From Hot Toys to Mezco: The Evolution of a Collector Part 3

Mezco One:12 Collective was something I had pondered in the past, but never legitimately considered collecting.  When Jerry 'Barbecue 17' Reed began picking up The Dark Knight Returns Batman ; that was the only product the company was putting out that slightly interested me, as their others license seemed a bit obscure from Space Ghost to Star Trek. That combined with fact that I only collected movie based figure made the Mezco proposition even less tempting.  Then something happened that changed everything: Mezco got the Marvel license.

Check out the rest after the break...

The first Marvel Figure I remember seeing in person was the Captain America that Barbecue 17 picked up one afternoon before the live recording of an episode The Confirmed Epic Podcast.  Sure the figure looked nice in online promo pics, but nothing could prepare me to see this epic 6 inch figure in person.  The most impressive thing about Mezco One:12 for those that have never seen one in person is not really the figure itself, but rather the accessories, and the world class presentation the company provides for their figures. 

The boxes rivaled that of hot toys, and quite often the number as well the level of accessories surpassed that of hot toys.  Never in my wildest dreams could I have imagine a 6 inch figure having this much "oomph" to it.  The boxes were uber collector friendly with the figure be easily removed without damaging them, their was no needless tape or zip ties to combat once you opened one of this figures up.  Also included in the box were special compartments for the figure's accessories, as well as a collector friendly bag to store the many accessories in.

As far as accessories go I have never let the number s figure has make or break a collectible for me.  If the figure comes with the quintessential character defining accessories I am usually good, and as far as what I expect from a quality control level for accessories; well those are never as high as the expectations I have for the figure itself.  That all changed when Barbecue 17 picked up the deluxe Punisher.  A figure that saw the sheer quality, and quality of accessories surpass even what I had seen with Hot Toys.  For each gun, grenade, and knife provided for Frank Castle the paint application and overall quality control was confirmed epic! 

Beyond the weaponry most Mezco One:12 collective figures soon started arriving with multiple head sculpts, and sometimes up to 8 pairs of hands.  However the thing that puts the Mezco brand over the top is their character themed stands.  Most all of their stands also come with an attachable posable display arm for flying or action poses.  The stand alone gives you the type of gravitas that something like the a Marvel Legend cannot replicate, and the motion arm is the type of extra attention to detail that makes Mezco special.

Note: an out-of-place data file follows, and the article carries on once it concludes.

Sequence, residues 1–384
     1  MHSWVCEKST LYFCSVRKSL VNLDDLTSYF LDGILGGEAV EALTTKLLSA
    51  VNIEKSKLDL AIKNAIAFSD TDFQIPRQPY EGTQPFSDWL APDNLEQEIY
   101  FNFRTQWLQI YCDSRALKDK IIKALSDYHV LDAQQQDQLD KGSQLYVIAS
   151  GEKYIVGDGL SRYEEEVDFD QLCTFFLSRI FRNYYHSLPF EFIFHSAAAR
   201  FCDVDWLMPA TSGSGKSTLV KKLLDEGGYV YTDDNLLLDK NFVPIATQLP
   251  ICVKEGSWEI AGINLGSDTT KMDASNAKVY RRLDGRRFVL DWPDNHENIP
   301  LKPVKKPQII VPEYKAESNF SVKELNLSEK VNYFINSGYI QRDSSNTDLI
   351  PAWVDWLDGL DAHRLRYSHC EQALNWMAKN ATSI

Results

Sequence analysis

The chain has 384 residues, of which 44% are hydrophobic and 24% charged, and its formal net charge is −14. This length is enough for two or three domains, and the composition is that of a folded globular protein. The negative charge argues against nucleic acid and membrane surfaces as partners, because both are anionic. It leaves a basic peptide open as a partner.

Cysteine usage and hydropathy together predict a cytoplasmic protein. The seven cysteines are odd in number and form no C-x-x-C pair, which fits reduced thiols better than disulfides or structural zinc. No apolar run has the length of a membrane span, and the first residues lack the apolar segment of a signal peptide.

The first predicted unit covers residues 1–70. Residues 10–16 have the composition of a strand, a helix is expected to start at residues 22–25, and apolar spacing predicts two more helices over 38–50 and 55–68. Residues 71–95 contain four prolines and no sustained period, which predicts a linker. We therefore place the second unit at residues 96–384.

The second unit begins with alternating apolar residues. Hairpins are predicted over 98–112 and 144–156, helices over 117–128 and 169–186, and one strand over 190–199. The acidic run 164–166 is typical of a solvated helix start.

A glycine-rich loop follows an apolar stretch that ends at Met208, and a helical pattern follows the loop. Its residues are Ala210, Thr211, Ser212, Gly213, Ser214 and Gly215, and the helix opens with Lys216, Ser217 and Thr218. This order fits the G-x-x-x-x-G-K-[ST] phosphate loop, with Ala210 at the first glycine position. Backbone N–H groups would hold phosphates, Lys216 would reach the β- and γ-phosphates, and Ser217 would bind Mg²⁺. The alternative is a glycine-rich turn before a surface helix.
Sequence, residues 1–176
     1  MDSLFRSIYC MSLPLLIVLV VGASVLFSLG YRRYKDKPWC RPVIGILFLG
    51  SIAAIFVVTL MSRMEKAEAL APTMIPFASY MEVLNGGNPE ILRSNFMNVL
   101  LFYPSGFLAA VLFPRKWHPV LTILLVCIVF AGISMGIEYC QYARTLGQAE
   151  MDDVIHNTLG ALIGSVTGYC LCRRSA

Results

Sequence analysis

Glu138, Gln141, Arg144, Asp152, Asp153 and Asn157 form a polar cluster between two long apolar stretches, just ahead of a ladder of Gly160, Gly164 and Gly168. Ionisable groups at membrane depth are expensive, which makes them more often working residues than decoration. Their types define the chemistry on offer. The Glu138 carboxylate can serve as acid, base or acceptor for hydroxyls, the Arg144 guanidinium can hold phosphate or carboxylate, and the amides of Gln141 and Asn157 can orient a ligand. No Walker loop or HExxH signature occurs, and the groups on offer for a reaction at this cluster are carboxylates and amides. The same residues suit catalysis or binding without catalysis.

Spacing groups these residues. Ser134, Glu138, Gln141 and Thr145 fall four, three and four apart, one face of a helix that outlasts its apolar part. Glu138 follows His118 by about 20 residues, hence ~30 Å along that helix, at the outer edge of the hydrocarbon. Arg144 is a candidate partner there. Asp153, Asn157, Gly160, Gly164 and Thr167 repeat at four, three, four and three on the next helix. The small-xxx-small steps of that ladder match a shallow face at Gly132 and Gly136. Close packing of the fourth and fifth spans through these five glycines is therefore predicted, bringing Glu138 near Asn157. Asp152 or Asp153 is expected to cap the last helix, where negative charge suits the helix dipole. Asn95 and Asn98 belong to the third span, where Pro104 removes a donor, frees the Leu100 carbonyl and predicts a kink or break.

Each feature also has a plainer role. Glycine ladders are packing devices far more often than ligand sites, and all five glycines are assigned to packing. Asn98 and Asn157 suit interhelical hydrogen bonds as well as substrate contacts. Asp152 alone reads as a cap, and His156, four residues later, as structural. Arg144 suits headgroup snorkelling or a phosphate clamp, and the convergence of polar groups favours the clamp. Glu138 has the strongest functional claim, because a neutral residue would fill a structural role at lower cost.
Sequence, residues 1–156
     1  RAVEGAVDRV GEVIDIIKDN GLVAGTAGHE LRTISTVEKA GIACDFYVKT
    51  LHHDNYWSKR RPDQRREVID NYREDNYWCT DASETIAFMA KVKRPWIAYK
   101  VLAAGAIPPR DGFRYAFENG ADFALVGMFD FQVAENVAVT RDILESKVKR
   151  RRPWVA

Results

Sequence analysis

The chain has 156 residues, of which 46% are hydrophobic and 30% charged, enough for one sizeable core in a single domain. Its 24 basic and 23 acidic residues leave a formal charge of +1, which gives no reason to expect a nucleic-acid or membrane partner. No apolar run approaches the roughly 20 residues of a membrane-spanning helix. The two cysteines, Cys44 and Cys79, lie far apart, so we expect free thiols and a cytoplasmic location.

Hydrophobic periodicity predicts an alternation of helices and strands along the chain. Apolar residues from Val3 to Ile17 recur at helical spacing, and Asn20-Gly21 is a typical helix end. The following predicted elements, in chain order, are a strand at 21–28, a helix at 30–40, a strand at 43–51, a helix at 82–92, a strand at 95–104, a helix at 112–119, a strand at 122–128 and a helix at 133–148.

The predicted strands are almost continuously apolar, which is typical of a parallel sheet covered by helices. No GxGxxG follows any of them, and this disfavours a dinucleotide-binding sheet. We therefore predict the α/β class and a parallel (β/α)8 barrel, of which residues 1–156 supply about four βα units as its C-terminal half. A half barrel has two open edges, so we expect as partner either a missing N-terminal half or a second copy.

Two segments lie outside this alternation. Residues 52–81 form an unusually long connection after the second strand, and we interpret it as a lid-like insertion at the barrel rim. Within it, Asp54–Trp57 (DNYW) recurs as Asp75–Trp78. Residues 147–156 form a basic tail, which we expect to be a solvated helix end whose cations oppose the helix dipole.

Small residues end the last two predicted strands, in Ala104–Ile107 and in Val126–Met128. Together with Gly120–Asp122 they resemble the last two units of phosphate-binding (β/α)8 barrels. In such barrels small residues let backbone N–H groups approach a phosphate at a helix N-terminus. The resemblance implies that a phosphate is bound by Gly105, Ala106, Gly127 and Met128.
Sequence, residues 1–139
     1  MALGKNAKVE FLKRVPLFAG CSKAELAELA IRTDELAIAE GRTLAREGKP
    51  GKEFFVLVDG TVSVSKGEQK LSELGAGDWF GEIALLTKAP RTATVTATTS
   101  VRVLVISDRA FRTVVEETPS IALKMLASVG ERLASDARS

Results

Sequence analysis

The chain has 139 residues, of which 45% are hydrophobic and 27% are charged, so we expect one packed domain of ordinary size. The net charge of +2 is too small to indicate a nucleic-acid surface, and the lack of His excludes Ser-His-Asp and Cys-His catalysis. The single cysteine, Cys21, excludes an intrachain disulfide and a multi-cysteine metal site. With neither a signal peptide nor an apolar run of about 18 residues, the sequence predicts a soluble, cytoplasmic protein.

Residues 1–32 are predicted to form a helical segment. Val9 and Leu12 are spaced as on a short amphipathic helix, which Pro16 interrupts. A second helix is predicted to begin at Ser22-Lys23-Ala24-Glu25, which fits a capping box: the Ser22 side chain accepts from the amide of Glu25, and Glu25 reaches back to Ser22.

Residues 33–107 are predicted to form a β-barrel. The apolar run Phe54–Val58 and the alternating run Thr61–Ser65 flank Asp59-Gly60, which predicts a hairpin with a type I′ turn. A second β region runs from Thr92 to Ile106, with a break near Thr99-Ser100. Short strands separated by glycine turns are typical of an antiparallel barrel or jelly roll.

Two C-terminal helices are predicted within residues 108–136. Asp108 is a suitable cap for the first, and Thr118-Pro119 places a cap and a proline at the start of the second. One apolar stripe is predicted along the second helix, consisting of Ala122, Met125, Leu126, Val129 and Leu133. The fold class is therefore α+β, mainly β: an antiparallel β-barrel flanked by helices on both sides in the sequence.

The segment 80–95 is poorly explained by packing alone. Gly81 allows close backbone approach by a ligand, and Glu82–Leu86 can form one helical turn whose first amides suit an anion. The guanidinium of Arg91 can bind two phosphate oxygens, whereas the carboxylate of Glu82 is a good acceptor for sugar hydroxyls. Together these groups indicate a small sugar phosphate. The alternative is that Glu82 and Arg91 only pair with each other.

One of the things that drew me to Hot Toys over other higher end lines was the cloth clothing that the uninitiated may be viewed as doll like.  I always viewed well fitting stitched clothing as something that adds an authenticity aspect to a figure that molded plastic cannot.  Mezco provides well tailored cloth clothing on all of their figures, while some may find this reminiscent of MEGO dolls of the 1970's; the type of clothing one can expect to find in a MEZCO One:12 is that of a Hot Toys and MEGO love child.

Perhaps the most important thing to collectors is the bottom line, so how much does the average Mezco cost? At retail the answer is usually just around $80, with larger figures lake the Thor Ragnarok Gladiator hulk creeping up to $135.  While $80 may seem like a lot for an 6 inch figure, you have to consider the investment you are making! I am not one to usually refer to a toy as an investment, but with nearly all Mezco's either retaining of quadrupling their price that odds that you make money rather than lose money if you have to sell your collection are pretty good.


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